Proposition 1: Water Quality, Supply, and Infrastructure Improvement Act of 2014


Round 2 of OPC Proposition 1 grant funding opened on December 18, 2017 and closed on February 23, 2018.

The priority issue areas for Round 2 of Proposition 1 funding were: marine managed areas; coastal and ocean water quality impacts; fisheries; and climate change adaptation. See the Grant Guidelines and Grant Proposal Solicitation for more details on funding priorities.





Application Checklist Resolution Template
Template – Project Workplan And Task Chart Certification Letter Requirements
Template – Preliminary Budget and Schedule Land Tenure / Property Data / Site Control Sheet
Non Profit Organization Questionnaire Willing Seller Letter Template
CEQA And Environmental Compliance Corps Consultation Review Form
Permit Approval Status Form


The Water Quality, Supply, and Infrastructure Improvement Act of 2014 (Prop 1) was approved by voters in November 2014 (California Water Code (CWC) Division 26.7). Funding from Prop 1 is intended to fund projects that provide more reliable water supplies, restore important species and habitat, and develop a more resilient and sustainably managed water system (water supply, water quality, flood protection, and environment) that can better withstand inevitable and unforeseen pressures in the coming decades.

Prop 1 Chapter 6, “Protecting Rivers, Lakes, Streams, Coastal Waters, and Watersheds”, allocates $30 million to the OPC for a competitive grant program for multibenefit ecosystem and watershed protection and restoration projects in accordance with statewide priorities, CWC §79730 and §79731(d). It is the intent of the OPC to fund projects that meet Prop 1 criteria and fulfill of the mission of the OPC to ensure that California maintains healthy, resilient, and productive ocean and coastal ecosystems for the benefit of current and future generations.

More information about Proposition 1 can be found at the California Natural Resources Agency’s Bond Accountability Website.

If you have questions about the OPC Proposition 1 grant program, contact us via email at:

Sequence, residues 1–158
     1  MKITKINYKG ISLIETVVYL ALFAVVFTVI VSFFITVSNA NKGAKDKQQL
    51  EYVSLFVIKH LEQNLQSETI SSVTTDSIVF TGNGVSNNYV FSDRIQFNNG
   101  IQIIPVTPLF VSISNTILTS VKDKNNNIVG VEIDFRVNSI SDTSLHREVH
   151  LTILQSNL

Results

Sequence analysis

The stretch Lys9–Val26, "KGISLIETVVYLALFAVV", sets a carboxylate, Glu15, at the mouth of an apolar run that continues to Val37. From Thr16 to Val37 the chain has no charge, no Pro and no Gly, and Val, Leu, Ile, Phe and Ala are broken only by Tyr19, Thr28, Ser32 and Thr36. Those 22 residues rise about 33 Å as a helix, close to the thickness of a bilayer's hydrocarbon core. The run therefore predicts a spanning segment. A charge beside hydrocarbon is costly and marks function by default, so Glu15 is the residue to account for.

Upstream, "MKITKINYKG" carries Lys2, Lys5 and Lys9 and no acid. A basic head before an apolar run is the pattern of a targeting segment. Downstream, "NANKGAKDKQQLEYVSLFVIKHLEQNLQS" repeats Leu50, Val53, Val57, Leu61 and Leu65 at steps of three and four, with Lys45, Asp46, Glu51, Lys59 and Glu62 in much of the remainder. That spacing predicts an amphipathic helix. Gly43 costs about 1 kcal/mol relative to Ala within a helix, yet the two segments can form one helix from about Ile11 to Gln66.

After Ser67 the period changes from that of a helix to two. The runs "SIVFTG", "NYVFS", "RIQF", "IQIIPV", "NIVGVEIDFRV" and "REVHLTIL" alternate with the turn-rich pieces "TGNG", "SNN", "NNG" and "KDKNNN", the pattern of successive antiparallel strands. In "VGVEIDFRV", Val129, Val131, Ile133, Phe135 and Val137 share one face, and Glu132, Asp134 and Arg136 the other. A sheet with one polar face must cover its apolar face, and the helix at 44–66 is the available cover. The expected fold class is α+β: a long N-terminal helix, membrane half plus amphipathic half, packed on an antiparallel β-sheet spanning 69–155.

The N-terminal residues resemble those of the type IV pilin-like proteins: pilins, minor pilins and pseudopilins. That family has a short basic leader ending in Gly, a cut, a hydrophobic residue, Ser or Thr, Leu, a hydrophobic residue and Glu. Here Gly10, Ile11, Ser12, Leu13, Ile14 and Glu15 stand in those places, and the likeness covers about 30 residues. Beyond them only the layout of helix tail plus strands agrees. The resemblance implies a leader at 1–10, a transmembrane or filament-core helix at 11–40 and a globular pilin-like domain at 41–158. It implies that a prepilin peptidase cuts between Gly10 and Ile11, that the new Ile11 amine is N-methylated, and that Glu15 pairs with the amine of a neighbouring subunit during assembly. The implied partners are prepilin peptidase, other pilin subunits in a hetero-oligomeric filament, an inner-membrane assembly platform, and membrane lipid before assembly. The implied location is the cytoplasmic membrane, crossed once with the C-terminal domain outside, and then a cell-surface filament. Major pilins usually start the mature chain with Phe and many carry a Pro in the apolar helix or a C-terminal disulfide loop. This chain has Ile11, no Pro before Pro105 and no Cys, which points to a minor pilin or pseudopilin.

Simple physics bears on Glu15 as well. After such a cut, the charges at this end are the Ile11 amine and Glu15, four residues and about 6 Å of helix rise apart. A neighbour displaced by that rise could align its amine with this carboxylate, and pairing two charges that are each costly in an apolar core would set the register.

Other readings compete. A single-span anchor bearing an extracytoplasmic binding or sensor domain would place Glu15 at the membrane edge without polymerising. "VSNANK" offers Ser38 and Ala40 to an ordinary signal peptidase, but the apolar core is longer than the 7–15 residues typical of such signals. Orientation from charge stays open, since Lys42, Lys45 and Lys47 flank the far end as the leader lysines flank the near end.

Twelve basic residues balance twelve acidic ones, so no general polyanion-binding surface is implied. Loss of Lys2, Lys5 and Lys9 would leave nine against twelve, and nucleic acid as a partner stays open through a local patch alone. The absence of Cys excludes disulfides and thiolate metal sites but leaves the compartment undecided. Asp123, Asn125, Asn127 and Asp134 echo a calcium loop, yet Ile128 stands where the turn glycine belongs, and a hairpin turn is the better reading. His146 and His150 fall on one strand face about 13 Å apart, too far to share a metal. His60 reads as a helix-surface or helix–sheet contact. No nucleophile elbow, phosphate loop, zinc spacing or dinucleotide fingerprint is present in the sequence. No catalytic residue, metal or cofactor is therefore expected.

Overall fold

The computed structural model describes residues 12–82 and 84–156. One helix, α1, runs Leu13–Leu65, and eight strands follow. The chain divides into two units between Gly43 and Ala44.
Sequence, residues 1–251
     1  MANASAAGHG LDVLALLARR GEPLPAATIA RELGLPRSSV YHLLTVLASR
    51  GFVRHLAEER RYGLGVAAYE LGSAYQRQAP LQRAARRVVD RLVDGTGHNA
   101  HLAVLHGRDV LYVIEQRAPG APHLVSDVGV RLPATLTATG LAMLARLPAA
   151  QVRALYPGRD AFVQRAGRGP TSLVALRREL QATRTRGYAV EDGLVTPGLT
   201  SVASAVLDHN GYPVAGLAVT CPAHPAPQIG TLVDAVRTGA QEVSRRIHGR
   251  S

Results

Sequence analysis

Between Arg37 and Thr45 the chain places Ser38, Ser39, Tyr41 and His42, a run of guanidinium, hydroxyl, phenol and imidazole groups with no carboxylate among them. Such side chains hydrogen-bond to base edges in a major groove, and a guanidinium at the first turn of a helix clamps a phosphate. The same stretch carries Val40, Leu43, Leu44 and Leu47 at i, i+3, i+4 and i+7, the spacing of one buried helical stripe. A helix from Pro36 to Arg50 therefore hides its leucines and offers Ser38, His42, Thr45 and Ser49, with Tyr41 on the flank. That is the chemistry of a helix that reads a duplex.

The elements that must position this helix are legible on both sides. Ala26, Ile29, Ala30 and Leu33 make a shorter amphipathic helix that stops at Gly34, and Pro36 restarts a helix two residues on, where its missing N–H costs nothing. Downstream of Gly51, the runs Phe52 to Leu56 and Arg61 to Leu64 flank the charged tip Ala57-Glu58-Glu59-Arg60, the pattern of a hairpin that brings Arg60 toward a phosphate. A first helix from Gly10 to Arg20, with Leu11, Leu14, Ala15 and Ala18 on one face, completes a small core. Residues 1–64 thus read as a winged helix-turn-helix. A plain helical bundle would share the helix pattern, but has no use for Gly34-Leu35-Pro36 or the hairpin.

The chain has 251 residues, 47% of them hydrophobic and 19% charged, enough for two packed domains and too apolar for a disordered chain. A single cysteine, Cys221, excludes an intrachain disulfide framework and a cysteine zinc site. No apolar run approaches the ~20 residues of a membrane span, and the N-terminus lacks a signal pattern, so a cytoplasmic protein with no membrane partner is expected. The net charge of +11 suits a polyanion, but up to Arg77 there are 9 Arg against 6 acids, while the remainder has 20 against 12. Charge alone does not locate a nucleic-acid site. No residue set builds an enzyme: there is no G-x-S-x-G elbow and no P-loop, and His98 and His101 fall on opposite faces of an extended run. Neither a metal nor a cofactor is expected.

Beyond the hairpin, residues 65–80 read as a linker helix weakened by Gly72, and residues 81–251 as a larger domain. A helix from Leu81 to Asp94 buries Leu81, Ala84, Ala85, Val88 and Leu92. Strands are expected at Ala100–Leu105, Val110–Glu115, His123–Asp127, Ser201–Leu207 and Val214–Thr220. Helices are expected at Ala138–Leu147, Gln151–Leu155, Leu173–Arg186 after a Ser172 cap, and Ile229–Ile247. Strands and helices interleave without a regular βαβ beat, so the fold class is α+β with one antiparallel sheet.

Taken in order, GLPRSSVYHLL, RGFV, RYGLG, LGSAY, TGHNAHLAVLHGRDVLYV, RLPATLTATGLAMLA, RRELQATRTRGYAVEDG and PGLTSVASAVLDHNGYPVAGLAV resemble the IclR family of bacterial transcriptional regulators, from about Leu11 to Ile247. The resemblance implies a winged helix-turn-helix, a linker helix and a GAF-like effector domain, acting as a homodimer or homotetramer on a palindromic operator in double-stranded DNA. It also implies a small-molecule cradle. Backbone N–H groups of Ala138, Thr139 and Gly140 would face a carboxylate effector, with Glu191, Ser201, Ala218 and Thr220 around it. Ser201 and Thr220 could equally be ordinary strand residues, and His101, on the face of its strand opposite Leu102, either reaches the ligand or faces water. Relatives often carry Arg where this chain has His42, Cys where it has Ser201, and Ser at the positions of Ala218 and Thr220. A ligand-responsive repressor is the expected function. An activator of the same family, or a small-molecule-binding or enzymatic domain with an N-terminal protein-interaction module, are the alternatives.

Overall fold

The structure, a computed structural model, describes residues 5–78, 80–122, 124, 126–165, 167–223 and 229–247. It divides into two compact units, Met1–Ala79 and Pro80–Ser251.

Adopted Final Version of “The California Collaborative Approach: Marine Protected Areas Partnership Plan”

APPROVED_FINAL_MPA_Partnership_Plan_12022014_Page_01OPC is thrilled to announce the adoption of “The California Collaborative Approach: Marine Protected Areas Partnership Plan” (Partnership Plan) at the December 2, 2014 OPC meeting. This plan outlines a partnership approach to managing California’s network of MPAs among state agencies, California tribes and tribal governments, fishermen, non-consumptive recreational users, academics, federal and local governments, and non-profits. The California Collaborative approach is the commitment for all partners to work together in support of a healthy ocean, and to use the network of MPAs as a key feature in that effort. The final adopted version is now available here.

West Coast Governors and BC Premier urge increased federal investment in ocean acidification research

On December 11, 2013,  Governor Brown, Governor Kitzhaber (OR), Governor Inslee (WA), and Premier Christy Clark (BC) sent a letter to President Obama and Canadian Prime Minister Harper urging increased federal funding for ocean acidification research. The letter was prompted by the Pacific Coast Action Plan on Climate and Energy, which specifically calls for action on ocean acidification.

For more information on the Pacific Coast Collaborative, please visit:

State of California Sea-Level Rise Guidance Document

Update to the State of California Sea-Level Rise Guidance Document

The State of California is in the process of updating the State Sea-Level Rise Guidance Document. For more information, please visit:

Current Version of the State of California Sea-Level Rise Guidance Document

On Wednesday March 15, 2013 OPC staff presented an update to the State of California Sea-Level Rise Guidance Document. The purpose of the SLR Guidance remains the same, to help state agencies incorporate future sea-level rise impacts into planning decisions, but has now been updated to include the best current science, as summarized in the final report from the National Academy of Sciences, Sea-Level Rise for the Coasts of California, Oregon, and Washington.

OPC Strategic Plan 2012-2017

On February 17, 2012, the OPC adopted a new Strategic Plan to guide Council’s activities over the next five years.  The Strategic Plan proposes action in areas of critical need where the Council’s involvement can yield tangible progress and have the greatest impact.

  • Science-based decision-making
  • Climate change
  • Sustainable fisheries and marine ecosystems
  • Coastal and ocean impacts from land-based sources
  • Existing and emerging ocean uses